Bi-Polar disorder plays on Broadway Fighting the stigma of mental illness has been an uphill battle for consumers and the mental health community for a long, long time. The Tony Award winning rock musical, Next To Normal suggests that maybe we are winning the stigma battle. Just think, who would have ever dreamed that the heroine of a Broadway show would be a woman with Bi-Polar disorder or that the plot and songs of a Broadway show would chronicle the challenges and heartaches of living with mental illness? But that’s just what Next to Normal does. Written by Brian Yorkey (book and lyrics) with music by Tom Kitt, the show won an the award for Best Leading Actress in a Musical for Alice Riply, a graduate of Kent State University. According to the online encyclopedia Wikipedia.com, Next to Normal concerns the struggles of a mother with worsening bi-polar disorder, and also explores the themes of grief, suicide, drug abuse and the ethics of modern psychiatry. New York Times drama critic Ben Brantley had this to say about the show: “It is something more than a feel good musical; it is a feel everything musical.” Next to Normal: The Original Cast CD is available in the LINKS EAST Library. Feeling Good: the New Mood Therapy by David D. Burns, MD is the newest addition to our library. In a very easy to read format with helpful worksheets and checklists, Feeling Good offers proven strategies for improving your mood by changing your thought patterns, what therapists call Cognitive Behavioral Therapy. In a clinical study, a group of depressed individuals were given the book Feeling Good and encouraged to read in within a month. A control group of other depressed people were advised that they would be on a waiting list and would receive the book in a month’s time. This control group was established to control for the effects of reduction in symptoms by just the passage of time. Results of the study at the end of the month showed that a statistically significant percentage of the individuals who read Feeling Good were feeling markedly less depressed than they had been at the outset of the experiment. And these were people who were not taking any antidepressant medications or receiving any concurrent talk therapy. Burns uses the term “bibliotherapy” to describe treatment that consists simply of reading a self-help book. Feeling Good has been in print and updated with new revisions since 1980 and is recognized by professionals and readers alike as a proven treatment for depression (though not depression in its severe form) For consumers who are plagued with negative thought patterns and feelings of low-self worth, a course of bibliotherapy – readying and studying this book – may have real benefits. You’ll find it in the LINKS EAST Library. Our member’s lending library at LINKS EAST has a wide range of non-fiction titles on all aspects of mental health and mental illness. We also are building a collection of fiction books with themes that include mental illness/mental health topics. Members are encouraged to take out books to read at home.. Simply tell a staff member on duty who will write down your name, a contact number, and the date you expect to return the book.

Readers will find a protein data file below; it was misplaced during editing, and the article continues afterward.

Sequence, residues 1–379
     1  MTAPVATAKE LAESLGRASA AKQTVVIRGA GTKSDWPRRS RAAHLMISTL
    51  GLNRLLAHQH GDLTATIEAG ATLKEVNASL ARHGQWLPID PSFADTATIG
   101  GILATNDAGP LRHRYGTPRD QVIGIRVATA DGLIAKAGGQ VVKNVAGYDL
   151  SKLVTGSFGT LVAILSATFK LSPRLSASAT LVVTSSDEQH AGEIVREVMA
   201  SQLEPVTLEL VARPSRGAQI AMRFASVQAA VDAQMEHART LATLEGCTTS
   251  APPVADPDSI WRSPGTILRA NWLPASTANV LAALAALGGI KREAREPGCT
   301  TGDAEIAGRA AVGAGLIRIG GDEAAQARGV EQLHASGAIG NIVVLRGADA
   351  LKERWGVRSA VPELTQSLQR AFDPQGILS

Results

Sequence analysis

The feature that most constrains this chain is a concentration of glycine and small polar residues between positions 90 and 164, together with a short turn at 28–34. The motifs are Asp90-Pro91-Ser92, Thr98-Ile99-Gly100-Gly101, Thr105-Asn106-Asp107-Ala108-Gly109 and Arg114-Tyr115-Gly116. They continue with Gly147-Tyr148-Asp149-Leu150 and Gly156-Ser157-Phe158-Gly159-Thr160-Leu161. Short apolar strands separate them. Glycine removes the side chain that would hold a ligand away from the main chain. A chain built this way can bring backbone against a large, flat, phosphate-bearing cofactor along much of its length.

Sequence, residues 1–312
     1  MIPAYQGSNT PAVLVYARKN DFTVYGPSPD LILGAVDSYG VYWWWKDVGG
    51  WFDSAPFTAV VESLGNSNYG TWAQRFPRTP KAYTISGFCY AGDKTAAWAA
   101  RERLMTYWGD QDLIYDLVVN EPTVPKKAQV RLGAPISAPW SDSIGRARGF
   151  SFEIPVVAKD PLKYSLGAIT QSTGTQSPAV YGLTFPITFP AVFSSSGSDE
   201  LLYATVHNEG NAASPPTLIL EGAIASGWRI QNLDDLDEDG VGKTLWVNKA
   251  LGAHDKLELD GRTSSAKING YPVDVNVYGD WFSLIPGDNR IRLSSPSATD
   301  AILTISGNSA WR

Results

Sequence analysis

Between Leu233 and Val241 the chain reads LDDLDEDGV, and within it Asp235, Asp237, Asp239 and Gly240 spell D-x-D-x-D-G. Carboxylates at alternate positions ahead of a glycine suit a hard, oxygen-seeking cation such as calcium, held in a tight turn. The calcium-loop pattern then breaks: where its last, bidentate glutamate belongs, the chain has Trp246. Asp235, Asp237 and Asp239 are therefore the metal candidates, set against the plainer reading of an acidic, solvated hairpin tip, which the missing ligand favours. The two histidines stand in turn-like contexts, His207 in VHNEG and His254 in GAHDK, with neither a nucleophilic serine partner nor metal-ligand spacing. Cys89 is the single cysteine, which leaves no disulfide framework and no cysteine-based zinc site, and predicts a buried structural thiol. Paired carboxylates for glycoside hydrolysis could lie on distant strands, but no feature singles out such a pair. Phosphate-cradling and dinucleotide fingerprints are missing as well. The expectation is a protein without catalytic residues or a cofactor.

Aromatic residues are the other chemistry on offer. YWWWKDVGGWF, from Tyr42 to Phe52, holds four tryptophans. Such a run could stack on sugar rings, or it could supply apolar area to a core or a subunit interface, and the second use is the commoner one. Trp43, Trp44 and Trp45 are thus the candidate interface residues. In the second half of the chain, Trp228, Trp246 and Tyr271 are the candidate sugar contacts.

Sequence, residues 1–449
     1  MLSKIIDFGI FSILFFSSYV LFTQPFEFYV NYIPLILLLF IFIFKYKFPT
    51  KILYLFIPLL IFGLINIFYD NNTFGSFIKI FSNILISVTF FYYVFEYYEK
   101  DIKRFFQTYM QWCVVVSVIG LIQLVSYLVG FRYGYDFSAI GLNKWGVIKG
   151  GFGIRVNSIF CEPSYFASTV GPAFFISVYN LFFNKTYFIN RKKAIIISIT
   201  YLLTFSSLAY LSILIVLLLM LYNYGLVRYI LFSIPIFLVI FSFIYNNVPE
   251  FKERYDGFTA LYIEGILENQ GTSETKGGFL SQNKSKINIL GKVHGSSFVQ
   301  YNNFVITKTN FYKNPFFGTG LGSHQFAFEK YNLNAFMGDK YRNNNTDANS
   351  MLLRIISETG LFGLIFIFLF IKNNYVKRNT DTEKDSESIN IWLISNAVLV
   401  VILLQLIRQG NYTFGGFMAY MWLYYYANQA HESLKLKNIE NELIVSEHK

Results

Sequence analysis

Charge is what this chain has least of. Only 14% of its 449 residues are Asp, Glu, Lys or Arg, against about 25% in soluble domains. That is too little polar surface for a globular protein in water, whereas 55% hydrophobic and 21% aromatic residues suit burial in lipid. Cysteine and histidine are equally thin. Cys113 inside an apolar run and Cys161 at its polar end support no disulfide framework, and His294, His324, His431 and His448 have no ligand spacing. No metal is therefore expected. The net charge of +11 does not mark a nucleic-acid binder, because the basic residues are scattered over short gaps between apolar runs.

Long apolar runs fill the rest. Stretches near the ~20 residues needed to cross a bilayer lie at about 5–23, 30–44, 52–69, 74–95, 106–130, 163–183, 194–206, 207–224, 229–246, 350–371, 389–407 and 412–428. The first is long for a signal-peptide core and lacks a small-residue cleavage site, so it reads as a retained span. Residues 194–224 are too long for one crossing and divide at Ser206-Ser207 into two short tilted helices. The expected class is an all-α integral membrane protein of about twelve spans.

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LINKS EAST FACT SHEET • LINKS EAST has been in existence since 1987. Its membership includes consumers who have been coming to LINKS EAST for 20 years. • Among its activities, “Talking and socializing with other consumers” always has ranked first among the membership responding to attitude surveys conducted by the agency. • Peer support is ongoing at LINKS EAST where both members and staff support one another discussing medication concerns, family issues, stigma, Medicare/Medicaid regulations among a wide range of other topics. Peer support at LINKS EAST is occurring every time its doors are open. • Every week LINKS EAST offers computer and internet instruction, a movie and pizza night, bingo, arts and crafts, music, a creative writing group, a Friday night dinner and a Saturday brunch. All of theses events are free to members and their guests. • The LINKS EAST Mission Statement includes a commitment to diversity and the composition of its membership, staff, and Board of Directors reflect that commitment. • LINKS EAST is open when most other mental health resources are closed: its hours are Tuesdays thru Friday, 4pm to 8pm; Saturday and Sunday, 1pm to 8pm. • As a consumer-operated drop-in center, LINKS EAST is staffed by persons who themselves live with mental illness. Our Peer Support Specialists have first-hand knowledge of issues confronting consumers. • LINKS EAST has an open-door policy where consumers new to the agency are invited to “drop-in” anytime during open hours. No appointment or prior notice is ever required. • LINKS EAST is funded by ADAMHS (the Alcohol, Drug Abuse, and Mental Health Services Board of Cuyahoga County and certified as a consumer-operated service by the Ohio Department of Mental Health.